Therefore their “rationality” consists in public relations countermeasures that assert !IT, including, it appears, getting editors at the International Herald Tribune to terrorize their reporters. Whereas if risk analysis measures the costs to all of us, we need to assume the worst case, which is IT. 

In the case of tornados, this would be upgrading shelters and warning systems. This is, however, a complete non-starter. Not only has the current Congress repeatedly stopped investment in infrastructure, it has explicitly asserted !IT with the result that the rationale for the investment  would be unmentionable. 

In the work of the Heartland Institute, which is as I write focused on further damaging the reputation of Peter Gleick, a climate scientist who admitted his wrongdoing, one finds a strange logic. Essentially, any confirmation of their case is seized upon and any contrary evidence is explained away.

For example and as regards tornado trends, they seized upon a chart of EF3-EF5 tornados from the NOAA which showed a large number of 118 EF3-5 tornados in an anomaly, outlier year (1974), much larger than the years around it and inferred from the right hand side of the chart that “tornados are declining!” 


But to a trained eye, the “standard deviation” of the data, which shows considerable variation, does not indicate any trend at all; the NOAA’s web site said that the chart shows “little trend”. Sure, if you use Excel to create trendlines, there will be a “decline” in the trendline from 1974 and a smaller decline since the start year of 1950. Spreadsheets, perhaps even more than Powerpoint, are great if you don’t want to think critically.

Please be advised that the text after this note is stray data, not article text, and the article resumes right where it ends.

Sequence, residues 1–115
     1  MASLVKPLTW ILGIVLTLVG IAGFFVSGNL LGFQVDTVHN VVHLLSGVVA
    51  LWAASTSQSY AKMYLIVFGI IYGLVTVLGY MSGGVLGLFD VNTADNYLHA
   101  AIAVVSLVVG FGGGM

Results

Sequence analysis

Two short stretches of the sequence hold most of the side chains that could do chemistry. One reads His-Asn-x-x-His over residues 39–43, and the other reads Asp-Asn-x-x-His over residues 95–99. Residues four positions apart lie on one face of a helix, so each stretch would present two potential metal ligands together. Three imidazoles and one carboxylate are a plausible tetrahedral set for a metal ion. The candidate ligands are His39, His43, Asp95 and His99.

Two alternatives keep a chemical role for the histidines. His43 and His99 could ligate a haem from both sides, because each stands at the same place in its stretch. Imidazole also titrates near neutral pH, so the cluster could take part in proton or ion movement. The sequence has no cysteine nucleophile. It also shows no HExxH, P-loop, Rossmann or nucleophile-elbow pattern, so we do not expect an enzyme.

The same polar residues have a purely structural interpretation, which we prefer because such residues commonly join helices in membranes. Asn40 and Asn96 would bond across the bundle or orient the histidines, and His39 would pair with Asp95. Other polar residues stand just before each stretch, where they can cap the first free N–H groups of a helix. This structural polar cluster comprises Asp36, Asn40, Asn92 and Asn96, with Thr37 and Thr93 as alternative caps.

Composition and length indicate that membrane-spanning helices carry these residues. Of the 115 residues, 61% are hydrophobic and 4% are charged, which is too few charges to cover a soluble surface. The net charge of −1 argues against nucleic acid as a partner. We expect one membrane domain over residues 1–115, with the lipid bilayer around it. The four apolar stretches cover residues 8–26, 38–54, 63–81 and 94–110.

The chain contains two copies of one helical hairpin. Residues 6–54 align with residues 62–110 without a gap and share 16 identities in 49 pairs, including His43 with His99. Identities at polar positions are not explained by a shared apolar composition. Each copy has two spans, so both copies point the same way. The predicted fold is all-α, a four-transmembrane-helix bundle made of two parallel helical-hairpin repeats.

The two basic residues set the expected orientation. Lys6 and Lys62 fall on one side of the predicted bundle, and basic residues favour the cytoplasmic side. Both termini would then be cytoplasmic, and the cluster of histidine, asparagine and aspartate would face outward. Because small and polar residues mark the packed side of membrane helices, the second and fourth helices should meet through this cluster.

However, the data is too noisy, deviates too much, for a trend to be inferred save by the same wishful thinking and dishonesty with which business thugs use data in presentations to get their way; as is well known, the night before the Big Presentation you change the charts and remove data to show the trend. In Don Draper’s day as seen in Mad Men, you made the secretary work late. Today, you use Excel and Powerpoint. 

Furthermore, the chart was used throughout and after 2011, in which there were 85 EF3-5 tornados including one that almost erased a significant part of Joplin Missouri. Some of the towns visited last year by large tornados were revisited this month, presumably as God’s punishment for their failure to kill gay people or outlaw sodomy. 85 makes 2011 an outlier year similar to 1974. 

As a part of the Tea Party and Ron Paul white male backlash against the 2008 election of Obama, the claims made by the denialists are so outlandish as to make “liberals” loth to “duh-bate” with the denialists. But the elite journalists of the Times, while bored by the issue and perhaps convinced of global warming are also unwilling to incur editorial and managerial wrath by interviewing scientists on these tornado swarms. Nobody wants to return to Mom’s basement especially in Tornado Alley. 

I accuse the Times of enabling this repeal of the twentieth century, this repeal of the Enlightenment, this ongoing reversion to the seventeenth century and the nightmare of childhood. Not only have storms become increasingly violent, there’s two masses of garbage floating in the Pacific Ocean: one is the Pacific Garbage Gyre, a slowly rotating collection of non-biodegradable plastic waste, and the other consists of wreckage from the March 2011 Japanese earthquake and tsunami.